for known thin ice areas with a local resort or bait shop.
the thickness yourself using an ice chisel, ice auger or even
a cordless 1/4 inch drill with a long bit.
from driving on ice whenever possible.
you must drive a vehicle, be prepared to leave it in a
hurry--keep windows down, unbuckle your seat belt and have a
simple emergency plan of action you have discussed with your
away from alcoholic beverages.
"just a couple of beers" are enough to cause a
careless error in judgment that could cost you your life. And
contrary to common belief, alcohol actually makes you colder
rather than warming you up.
"overdrive" your snowmobile's headlight.
even 30 miles per hour, it can take a much longer distance to
stop on ice than your headlight shines. Many fatal snowmobile
through-the-ice accidents occur because the machine was
travelling too fast for the operator to stop when the headlamp
illuminated the hole in the ice.
a life vest under your winter gear.
wear one of the new flotation snowmobile suits. And it's a
good idea to carry a pair of ice picks that may be home made
or purchased from most well stocked sporting goods stores that
cater to winter anglers. It's amazing how difficult it can be
to pull yourself back onto the surface of unbroken but wet and
slippery ice while wearing a snowmobile suit weighted down
with 60 lbs of water. The ice picks really help pulling
yourself back onto solid ice. CAUTION: Do NOT wear a
flotation device when travelling across the ice in an enclosed
if a companion falls through thin ice?
calm and think out a solution.
run up to the hole. You'll probably break through and then
there will be two victims.
some item on shore to throw or extend to the victim to
pull them out of the water such as jumper cables or skis,
or push a boat ahead of you.
you can't rescue the victim immediately, call 911. It's
amazing how many people carry cellphones.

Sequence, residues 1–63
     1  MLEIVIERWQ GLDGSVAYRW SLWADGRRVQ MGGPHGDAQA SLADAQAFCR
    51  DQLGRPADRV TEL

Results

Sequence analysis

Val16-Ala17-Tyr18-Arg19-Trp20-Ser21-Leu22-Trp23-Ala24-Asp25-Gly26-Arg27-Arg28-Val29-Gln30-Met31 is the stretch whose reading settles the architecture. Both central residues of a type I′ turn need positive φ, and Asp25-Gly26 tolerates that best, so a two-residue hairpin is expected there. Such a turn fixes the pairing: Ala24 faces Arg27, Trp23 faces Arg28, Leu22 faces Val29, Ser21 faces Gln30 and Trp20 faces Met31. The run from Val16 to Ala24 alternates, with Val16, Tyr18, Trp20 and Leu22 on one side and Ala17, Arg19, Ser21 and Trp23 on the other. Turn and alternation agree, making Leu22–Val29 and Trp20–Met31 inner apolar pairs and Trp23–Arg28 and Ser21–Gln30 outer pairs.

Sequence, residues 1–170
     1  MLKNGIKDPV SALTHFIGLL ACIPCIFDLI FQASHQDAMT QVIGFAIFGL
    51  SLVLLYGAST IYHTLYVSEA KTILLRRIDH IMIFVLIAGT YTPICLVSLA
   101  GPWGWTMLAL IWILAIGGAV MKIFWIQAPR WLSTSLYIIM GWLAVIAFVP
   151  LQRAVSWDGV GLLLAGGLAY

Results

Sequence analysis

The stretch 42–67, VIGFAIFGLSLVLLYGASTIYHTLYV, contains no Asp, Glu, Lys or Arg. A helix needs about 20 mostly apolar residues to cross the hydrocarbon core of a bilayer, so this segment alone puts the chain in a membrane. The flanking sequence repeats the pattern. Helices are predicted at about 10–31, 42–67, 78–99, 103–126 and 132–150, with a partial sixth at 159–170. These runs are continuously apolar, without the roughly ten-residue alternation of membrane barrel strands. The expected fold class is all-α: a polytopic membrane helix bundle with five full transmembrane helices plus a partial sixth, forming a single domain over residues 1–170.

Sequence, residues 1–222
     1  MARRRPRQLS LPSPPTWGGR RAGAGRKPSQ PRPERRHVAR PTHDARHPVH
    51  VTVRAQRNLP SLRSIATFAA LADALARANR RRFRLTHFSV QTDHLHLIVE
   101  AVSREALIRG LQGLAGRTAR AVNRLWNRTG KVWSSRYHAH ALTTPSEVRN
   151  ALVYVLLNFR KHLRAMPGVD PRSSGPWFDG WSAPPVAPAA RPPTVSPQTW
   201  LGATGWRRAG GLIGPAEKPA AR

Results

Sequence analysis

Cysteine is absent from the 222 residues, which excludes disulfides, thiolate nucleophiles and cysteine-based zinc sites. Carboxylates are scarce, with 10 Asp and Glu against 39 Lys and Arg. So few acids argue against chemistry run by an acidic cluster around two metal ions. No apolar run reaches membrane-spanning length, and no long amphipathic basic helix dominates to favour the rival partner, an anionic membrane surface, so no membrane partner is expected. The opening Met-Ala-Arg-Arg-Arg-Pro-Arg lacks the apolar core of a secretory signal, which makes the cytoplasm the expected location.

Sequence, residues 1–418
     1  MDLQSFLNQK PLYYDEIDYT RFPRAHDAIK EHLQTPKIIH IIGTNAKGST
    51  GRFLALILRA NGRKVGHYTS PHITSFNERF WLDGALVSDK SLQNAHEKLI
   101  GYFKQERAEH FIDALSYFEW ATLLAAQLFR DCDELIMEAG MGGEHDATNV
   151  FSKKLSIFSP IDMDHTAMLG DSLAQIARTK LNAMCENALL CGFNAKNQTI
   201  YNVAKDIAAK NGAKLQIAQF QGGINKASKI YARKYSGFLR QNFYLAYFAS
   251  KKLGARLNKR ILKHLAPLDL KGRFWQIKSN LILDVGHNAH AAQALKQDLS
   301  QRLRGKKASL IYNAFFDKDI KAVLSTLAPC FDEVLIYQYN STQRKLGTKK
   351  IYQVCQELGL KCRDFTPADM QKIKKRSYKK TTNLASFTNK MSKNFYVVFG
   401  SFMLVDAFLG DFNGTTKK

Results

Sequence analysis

medical assistance for the victim. People who are
subjected to cold water immersion but seem fine after
being rescued can suffer a potentially fatal condition
called "after drop" that may occur when cold
blood that is pooled in the body's extremities starts to
circulate again as the victim starts to re-warm.
if YOU fall in?
not to panic. Instead, remain calm and turn toward the
direction you came from. Place your hands and arms on the
unbroken surface of the ice (here's where the ice picks come
in handy.) Work forward on the ice by kicking your feet. If
the ice breaks, maintain your position and slide forward
again. Once you are lying on the ice, don't stand. Instead,
roll away from the hole. That spreads out your weight until
you are on solid ice. This sounds much easier than it really
is to do.
best advice is don't put yourself into needless danger by
venturing out too soon or too late in the season. No angler,
no matter how much of a fishing enthusiast, would want to die
for a crappie.
more information on ice safety contact the MD DNR and ask for
a free ice safety publications, which includes the brochures,
"Danger, Thin Ice" and "Hypothermia the Cold
Facts" and the wallet-sized reference cards and 11X14
posters titled, "Minimum Recommended Ice Thicknesses."
Metro 410-260-8DNR or toll free outside the metro area
1-877-620-8DNR or email the Information Center at firstname.lastname@example.org.